Acute Exposure to SiO2 Nanoparticles Affects Protein Synthesis in Bergmann Glia Cells

  • Ada G. Rodríguez-Campuzano
  • Luisa C. Hernández-Kelly
  • Arturo OrtegaEmail author
Original Article


Attractive due to an alleged high biocompatibility, silica nanoparticles have been widely used in the field of nanomedicine; however, their proven capacity to induce the synthesis and release of pro-inflammatory cytokines in several cellular models has raised concern about their safety. Glutamate, the main excitatory amino acid transmitter triggers a wide variety of signal transduction cascades that regulate protein synthesis at transcriptional and translational levels. A stimulus-dependent dynamic change in the protein repertoire in neurons and glia cells is the molecular framework of higher brain functions. Within the cerebellum, Bergmann glia cells are the most abundant non-neuronal cells and span the entire molecular layer of the cerebellar cortex, wrapping the synapses in this structure. Taking into consideration the functional role of Bergmann glia in terms of the recycling of glutamate, lactate supply to neurons, and prevention of neurotoxic insults, we decided to investigate the possibility that silica nanoparticles affect Bergmann glia and by these means alter the major excitatory neurotransmitter system in the brain. To this end, we exposed cultured chick cerebellar Bergmann glia cells to silica nanoparticles and measured [35S]-methionine incorporation into newly synthesized polypeptides. Our results demonstrate that exposure of the cultured cells to silica nanoparticles exerts a time- and dose-dependent modulation of protein synthesis. Furthermore, altered patterns of eukaryotic initiation factor 2 alpha and eukaryotic elongation factor 2 phosphorylation were present upon nanoparticle exposure. These results demonstrate that glia cells respond to the presence of this nanomaterial modifying their proteome, presumably in an effort to overcome any plausible neurotoxic effect.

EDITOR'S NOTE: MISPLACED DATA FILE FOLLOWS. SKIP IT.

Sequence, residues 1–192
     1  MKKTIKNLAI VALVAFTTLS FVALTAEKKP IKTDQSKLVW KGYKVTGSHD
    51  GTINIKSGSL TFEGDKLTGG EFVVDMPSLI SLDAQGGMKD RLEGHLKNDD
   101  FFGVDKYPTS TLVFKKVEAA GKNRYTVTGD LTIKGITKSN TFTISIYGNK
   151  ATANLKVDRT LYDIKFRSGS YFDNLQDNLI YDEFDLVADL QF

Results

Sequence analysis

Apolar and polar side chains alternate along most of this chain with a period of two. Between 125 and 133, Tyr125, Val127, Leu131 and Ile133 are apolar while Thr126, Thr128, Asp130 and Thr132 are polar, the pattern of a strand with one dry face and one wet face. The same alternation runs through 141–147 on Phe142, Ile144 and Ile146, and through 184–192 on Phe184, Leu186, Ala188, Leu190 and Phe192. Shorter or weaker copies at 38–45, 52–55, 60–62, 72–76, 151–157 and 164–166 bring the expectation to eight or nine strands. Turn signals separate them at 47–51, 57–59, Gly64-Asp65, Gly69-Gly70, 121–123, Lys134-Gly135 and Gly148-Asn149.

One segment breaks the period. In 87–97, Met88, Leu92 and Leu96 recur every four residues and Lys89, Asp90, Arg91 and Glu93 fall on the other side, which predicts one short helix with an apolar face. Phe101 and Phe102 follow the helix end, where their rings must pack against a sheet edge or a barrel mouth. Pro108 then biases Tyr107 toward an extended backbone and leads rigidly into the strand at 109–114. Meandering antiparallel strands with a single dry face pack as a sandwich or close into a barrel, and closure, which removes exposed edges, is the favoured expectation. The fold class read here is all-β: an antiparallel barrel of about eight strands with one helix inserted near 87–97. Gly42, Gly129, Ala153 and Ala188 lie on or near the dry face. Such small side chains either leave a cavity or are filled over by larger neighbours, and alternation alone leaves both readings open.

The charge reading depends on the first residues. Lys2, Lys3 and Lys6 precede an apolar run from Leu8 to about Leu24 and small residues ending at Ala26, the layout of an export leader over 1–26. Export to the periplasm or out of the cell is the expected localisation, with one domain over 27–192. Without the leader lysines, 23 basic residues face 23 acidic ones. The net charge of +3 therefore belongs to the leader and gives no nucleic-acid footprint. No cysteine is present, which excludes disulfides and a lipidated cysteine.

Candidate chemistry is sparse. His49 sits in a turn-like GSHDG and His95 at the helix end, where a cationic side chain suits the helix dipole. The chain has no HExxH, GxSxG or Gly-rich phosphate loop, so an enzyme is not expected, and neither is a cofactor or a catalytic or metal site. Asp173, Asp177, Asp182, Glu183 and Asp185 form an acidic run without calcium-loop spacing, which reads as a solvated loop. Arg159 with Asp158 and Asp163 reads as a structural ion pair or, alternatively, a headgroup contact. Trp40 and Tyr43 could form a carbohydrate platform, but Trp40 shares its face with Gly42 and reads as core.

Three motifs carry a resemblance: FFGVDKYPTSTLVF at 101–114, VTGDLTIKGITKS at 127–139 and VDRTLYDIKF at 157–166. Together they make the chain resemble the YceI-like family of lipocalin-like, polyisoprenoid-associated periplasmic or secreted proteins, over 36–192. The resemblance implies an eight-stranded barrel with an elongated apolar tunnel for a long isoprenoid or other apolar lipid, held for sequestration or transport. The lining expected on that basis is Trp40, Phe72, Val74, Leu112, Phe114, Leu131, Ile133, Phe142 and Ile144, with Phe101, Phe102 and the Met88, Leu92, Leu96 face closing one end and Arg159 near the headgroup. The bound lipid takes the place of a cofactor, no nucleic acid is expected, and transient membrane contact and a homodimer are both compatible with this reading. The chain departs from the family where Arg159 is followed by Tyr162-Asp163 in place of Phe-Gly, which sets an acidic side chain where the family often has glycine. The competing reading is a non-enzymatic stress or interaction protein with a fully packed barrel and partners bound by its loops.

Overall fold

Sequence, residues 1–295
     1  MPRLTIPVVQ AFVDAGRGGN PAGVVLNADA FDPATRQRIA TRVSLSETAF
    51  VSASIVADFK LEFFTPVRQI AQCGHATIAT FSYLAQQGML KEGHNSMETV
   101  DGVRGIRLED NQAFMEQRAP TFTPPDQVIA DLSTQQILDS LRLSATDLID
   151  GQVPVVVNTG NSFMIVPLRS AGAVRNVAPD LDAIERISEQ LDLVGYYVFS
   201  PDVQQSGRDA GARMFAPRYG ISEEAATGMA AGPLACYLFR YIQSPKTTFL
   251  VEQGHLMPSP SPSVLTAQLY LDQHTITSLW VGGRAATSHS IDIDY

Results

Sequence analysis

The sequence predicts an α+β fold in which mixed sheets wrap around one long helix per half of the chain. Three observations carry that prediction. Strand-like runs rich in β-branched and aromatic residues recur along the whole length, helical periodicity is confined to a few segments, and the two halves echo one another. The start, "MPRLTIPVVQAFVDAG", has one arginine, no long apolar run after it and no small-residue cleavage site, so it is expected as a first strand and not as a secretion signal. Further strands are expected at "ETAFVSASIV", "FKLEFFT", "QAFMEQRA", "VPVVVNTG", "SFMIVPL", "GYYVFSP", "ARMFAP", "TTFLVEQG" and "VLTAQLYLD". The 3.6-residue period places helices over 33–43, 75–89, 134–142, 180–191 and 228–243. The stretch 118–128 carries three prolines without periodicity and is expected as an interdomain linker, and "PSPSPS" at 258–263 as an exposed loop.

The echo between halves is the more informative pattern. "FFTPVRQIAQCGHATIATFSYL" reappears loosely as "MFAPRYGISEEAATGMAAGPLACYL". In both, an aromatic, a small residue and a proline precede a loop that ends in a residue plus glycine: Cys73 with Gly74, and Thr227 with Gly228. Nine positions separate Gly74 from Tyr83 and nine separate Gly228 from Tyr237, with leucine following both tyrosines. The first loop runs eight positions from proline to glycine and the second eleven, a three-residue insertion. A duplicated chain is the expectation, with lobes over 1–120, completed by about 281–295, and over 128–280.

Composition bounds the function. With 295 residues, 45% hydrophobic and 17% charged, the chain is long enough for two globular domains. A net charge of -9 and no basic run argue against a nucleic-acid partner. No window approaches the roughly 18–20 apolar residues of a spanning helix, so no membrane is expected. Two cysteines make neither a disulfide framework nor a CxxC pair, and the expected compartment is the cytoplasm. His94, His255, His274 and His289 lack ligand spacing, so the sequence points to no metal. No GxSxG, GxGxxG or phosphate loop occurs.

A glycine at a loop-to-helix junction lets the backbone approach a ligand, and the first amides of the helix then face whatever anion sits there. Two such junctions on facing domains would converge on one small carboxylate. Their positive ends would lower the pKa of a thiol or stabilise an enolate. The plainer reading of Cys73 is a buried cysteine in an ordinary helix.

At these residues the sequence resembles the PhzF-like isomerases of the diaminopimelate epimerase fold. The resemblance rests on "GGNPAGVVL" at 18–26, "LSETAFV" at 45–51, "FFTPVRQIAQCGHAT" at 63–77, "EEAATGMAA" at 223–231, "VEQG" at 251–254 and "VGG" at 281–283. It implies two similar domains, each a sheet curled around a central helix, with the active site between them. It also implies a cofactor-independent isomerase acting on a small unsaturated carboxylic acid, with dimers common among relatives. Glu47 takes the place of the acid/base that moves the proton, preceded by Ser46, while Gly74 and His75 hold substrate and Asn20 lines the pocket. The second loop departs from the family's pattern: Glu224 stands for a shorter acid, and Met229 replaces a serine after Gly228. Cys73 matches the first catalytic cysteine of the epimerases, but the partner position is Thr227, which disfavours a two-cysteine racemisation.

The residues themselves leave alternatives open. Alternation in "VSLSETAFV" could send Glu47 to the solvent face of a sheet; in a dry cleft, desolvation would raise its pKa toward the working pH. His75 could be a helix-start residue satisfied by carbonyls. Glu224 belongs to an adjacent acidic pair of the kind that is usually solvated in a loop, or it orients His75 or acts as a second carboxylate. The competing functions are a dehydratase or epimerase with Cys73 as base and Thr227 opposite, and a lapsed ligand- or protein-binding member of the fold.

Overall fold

Bergmann glia cells Elongation Glutamate Protein synthesis Silica nanoparticles Translational control 



The technical assistance of Luis Cid and Blanca Ibarra is acknowledged.

Funding Information

This work was supported by grants from Consejo Nacional de Ciencia y Tecnología (Conacyt-México 255087) and Soluciones para un México Verde, S.A. to A.O. A.G.R.C. was supported by a Conacyt-México fellowship (no. 423462).

Compliance with Ethical Standards

Conflict of Interest

The authors declare that they have no conflicts of interest.


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Authors and Affiliations

  1. 1.Laboratorio de Neurotoxicología, Departamento de ToxicologíaCentro de Investigación y de Estudios Avanzados del Instituto Politécnico NacionalMexico CityMexico

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